This study examines how email is utilized to enact maintenance behaviors in interpersonal relationships and explores whether geographic distance between individuals affects this process. Two hundred twenty-six college students accumulated personal email messages over a one-week period. These emails were coded using Canary and Stafford's (1994) maintenance strategy topology. Results indicate that self-disclosure (openness), discussing social networks, and positivity were the main categories found in email to family members and friends. For romantic partners, the most common categories were assurances, openness, positivity, and discussing social networks. Romantic partners and family members were more likely than friends to use assurances, and family members were more likely than romantic partners to refer to the social network. There were few differences between geographically close and long-distance interpersonal relationships.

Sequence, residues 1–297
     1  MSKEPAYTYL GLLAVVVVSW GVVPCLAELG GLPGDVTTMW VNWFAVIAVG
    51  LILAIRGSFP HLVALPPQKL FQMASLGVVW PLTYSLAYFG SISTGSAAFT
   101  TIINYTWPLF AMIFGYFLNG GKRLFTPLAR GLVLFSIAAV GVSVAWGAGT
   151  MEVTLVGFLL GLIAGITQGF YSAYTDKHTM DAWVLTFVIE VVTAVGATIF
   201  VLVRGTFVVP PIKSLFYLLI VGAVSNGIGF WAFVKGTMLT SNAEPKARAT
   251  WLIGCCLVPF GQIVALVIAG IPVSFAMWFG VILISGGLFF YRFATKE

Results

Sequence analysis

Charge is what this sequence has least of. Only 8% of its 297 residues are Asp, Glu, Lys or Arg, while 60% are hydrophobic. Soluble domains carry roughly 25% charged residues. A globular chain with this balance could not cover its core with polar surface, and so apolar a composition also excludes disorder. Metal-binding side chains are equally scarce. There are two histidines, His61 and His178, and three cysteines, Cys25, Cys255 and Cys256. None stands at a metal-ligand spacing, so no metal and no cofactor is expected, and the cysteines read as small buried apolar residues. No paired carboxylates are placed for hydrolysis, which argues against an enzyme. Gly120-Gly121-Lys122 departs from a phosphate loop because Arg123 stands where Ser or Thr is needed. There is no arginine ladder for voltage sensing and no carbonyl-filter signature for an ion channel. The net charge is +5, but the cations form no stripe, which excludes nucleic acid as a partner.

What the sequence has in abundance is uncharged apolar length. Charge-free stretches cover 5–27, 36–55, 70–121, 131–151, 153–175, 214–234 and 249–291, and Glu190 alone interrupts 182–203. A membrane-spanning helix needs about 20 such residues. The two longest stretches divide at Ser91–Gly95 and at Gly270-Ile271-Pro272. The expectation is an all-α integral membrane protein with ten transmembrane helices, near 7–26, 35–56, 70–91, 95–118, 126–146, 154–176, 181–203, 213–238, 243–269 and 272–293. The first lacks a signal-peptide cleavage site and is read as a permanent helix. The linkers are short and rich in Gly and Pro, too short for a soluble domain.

All Science Journal Classification (ASJC) codes
- Computer Science Applications
- Computer Networks and Communications